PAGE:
Researchers at the University of Texas in Dallas have created an imaging chip that they claim could give mobile phones X-ray vision and allow them to see through walls.
The CMOS-based chip can detect frequencies in the terahertz band of the electromagnetic spectrum, without needing special lenses to work, the researchers explained.
“The combination of CMOS and terahertz means you could put this chip and receiver on the back of a cellphone, turning it into a device carried in your pocket that can see through objects,” said Kenneth O, professor of electrical engineering at the university.
The professor predicted the technology could be used to find objects in walls or authenticate important documents by using watermarking technologies, although he also admitted the precise uses of the system was not yet clear.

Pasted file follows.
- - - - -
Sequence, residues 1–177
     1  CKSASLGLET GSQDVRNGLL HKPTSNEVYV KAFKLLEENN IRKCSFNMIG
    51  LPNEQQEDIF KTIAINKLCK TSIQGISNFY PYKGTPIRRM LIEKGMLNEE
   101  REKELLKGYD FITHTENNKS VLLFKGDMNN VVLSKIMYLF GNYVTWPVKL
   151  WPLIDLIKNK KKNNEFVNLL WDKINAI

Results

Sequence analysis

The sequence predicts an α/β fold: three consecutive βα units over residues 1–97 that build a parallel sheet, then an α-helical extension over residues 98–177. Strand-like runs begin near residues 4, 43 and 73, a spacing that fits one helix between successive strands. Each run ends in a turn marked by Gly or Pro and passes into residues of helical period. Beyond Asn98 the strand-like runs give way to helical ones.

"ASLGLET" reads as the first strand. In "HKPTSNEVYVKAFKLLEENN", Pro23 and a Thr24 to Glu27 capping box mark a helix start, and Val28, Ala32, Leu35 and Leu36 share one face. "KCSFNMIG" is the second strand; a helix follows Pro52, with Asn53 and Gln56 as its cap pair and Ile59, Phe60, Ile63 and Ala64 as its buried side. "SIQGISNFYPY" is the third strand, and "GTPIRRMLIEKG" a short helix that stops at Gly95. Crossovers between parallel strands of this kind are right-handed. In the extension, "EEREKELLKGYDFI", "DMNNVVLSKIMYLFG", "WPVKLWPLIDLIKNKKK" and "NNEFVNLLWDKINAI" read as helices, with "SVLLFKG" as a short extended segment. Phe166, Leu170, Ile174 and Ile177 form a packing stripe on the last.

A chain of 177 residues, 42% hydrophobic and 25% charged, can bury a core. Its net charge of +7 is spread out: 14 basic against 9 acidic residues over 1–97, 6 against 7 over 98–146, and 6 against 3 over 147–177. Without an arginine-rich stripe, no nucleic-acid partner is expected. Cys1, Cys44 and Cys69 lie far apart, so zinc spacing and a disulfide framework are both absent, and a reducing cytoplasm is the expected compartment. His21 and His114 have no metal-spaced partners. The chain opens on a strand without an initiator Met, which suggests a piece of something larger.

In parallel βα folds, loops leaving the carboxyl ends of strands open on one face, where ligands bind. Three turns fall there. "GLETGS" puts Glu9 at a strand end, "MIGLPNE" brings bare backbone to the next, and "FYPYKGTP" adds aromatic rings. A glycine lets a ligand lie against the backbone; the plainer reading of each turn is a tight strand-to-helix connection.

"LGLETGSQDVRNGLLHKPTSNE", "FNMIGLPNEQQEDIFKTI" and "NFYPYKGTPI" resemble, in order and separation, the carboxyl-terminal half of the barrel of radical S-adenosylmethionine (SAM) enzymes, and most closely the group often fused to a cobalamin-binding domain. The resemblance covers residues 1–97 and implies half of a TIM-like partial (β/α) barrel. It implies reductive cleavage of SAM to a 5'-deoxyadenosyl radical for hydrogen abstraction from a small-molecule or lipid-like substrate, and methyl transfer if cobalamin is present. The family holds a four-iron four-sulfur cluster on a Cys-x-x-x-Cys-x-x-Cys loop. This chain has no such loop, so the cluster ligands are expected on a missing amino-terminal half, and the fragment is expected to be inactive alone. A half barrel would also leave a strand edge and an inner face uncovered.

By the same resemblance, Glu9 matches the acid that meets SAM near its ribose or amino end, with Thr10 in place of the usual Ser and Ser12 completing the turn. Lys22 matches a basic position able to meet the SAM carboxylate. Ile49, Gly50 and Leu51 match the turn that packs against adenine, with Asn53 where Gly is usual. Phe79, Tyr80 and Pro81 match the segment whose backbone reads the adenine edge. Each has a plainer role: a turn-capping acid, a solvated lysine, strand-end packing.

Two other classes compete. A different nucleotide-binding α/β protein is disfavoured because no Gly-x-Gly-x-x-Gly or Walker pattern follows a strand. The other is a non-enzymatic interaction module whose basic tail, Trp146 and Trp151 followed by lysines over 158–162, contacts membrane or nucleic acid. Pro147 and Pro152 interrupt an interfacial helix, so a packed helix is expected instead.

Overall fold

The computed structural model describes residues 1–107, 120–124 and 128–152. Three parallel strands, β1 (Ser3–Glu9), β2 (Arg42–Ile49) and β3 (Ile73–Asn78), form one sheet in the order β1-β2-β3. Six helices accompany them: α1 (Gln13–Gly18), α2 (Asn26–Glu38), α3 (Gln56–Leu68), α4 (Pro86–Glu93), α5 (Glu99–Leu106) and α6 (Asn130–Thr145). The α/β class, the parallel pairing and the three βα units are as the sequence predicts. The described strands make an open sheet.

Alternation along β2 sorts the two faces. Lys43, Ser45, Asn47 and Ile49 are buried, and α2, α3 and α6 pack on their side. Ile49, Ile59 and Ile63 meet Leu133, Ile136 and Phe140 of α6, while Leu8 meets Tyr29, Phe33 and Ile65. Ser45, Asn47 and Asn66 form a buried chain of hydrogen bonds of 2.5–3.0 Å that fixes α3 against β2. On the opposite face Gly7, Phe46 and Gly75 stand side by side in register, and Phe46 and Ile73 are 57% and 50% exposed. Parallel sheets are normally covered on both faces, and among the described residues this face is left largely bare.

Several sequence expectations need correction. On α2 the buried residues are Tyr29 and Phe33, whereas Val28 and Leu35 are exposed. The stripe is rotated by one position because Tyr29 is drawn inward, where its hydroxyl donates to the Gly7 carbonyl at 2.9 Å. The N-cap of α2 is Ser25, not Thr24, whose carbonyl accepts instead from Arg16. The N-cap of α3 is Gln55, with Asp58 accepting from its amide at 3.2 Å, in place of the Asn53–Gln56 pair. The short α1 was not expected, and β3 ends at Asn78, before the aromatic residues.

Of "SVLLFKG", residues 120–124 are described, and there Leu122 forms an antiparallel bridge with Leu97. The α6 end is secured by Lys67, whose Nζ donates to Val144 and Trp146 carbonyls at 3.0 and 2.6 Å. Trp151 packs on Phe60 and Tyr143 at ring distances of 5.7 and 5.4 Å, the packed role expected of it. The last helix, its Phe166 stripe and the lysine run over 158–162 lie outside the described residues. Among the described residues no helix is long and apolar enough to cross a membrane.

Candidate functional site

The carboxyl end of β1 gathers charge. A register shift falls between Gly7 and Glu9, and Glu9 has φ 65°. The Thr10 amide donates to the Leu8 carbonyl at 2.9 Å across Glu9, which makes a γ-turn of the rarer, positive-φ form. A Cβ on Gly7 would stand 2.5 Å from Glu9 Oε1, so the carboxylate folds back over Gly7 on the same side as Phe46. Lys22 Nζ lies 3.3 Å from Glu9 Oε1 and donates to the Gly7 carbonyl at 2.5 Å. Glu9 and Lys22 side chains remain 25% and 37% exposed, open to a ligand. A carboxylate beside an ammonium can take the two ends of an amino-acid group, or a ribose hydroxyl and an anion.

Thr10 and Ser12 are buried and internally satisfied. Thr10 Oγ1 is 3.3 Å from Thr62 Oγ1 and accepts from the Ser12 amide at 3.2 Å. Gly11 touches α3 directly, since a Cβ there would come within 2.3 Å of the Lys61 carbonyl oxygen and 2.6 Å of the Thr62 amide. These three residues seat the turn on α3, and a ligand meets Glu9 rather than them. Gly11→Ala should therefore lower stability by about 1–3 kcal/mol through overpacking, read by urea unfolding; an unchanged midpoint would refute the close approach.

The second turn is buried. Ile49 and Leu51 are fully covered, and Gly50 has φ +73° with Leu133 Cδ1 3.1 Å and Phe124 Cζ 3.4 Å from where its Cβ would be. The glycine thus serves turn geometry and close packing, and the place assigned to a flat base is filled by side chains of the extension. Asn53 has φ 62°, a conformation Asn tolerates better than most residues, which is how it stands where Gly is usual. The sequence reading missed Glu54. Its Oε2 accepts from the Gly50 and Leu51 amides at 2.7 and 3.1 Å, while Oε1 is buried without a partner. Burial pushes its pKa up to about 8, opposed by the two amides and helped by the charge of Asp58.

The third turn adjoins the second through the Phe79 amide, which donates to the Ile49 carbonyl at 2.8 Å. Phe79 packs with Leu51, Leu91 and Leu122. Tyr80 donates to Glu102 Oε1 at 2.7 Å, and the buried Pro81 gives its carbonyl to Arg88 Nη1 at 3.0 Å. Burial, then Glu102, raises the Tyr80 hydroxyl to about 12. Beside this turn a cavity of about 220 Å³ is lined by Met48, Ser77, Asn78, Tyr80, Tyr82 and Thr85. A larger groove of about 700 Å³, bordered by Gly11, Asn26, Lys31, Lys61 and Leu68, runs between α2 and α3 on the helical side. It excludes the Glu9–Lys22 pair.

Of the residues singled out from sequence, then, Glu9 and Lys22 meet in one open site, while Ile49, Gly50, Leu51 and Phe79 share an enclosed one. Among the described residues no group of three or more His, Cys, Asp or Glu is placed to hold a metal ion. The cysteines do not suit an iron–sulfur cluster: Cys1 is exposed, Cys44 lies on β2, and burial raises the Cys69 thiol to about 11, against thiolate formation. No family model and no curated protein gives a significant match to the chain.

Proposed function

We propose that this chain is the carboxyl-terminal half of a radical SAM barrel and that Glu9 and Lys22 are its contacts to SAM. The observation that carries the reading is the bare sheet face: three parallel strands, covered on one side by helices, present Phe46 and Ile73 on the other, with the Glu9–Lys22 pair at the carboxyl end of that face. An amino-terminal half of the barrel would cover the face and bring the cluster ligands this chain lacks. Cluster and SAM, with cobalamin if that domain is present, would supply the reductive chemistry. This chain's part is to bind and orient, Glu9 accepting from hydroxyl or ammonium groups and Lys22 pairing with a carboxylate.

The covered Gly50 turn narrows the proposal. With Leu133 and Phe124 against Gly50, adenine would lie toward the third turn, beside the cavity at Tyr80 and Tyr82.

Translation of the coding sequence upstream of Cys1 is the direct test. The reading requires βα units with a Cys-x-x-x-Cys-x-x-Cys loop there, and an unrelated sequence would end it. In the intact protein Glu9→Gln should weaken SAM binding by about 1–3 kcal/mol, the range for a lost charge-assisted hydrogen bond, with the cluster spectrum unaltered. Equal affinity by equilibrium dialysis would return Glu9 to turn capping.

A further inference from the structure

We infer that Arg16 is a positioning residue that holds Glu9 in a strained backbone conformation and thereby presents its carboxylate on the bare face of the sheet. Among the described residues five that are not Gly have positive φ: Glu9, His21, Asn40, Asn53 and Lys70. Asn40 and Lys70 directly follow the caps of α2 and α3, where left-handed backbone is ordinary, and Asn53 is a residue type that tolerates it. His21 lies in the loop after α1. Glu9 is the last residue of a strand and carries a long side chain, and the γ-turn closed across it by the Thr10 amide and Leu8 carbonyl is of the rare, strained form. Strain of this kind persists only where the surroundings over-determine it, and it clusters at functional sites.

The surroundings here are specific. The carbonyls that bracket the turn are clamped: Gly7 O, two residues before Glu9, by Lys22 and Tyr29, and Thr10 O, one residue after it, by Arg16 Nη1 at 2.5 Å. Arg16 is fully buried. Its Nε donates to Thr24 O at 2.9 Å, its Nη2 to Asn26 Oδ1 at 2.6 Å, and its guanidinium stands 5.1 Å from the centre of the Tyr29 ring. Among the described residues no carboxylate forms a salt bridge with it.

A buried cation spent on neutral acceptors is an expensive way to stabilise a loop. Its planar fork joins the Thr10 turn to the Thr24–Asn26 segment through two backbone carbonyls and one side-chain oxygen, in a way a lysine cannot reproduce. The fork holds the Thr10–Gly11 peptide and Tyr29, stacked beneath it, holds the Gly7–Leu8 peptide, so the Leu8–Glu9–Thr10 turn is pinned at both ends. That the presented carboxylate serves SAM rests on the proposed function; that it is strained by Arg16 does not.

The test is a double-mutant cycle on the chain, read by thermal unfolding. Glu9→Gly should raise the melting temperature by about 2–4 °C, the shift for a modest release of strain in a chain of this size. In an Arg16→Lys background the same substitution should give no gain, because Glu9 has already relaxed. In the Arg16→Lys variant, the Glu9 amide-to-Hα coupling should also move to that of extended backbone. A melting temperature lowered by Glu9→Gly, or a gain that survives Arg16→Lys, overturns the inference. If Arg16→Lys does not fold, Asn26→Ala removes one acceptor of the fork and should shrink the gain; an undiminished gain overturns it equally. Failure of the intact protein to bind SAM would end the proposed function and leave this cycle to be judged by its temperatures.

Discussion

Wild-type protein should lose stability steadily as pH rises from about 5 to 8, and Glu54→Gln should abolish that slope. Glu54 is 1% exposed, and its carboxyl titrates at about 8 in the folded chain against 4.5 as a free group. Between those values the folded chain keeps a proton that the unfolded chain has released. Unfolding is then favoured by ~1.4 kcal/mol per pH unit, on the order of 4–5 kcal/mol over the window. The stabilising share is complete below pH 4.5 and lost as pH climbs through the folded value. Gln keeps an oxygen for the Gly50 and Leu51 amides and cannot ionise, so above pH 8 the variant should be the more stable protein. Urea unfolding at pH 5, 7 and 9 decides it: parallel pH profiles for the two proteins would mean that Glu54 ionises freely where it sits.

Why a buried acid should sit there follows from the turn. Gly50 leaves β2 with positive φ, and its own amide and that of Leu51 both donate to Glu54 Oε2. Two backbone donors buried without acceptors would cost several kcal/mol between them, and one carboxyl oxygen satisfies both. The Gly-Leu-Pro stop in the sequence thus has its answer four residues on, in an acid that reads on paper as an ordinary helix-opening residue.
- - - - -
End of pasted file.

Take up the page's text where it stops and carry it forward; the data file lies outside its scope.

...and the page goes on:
“There are all kinds of things you could be able to do that we just haven’t yet thought about,” he said.
The Texas team has also limited the range at which their sensor can work to a distance of less than four inches, to mollify any privacy concerns.
V3 contacted the department to ask for more information on the project but had received no reply at the time of publication.
CMOS sensors are the essential building blocks of digital photography, turning photons of light in to signals that can be processed into an image.
Previously, CMOS sensors have been developed to work in other parts of the electromagnetic spectrum, including in the visible, infrared and ultra-violet regions.
Whether or not the research leads to any practical, real-world uses remains to be seen, though.
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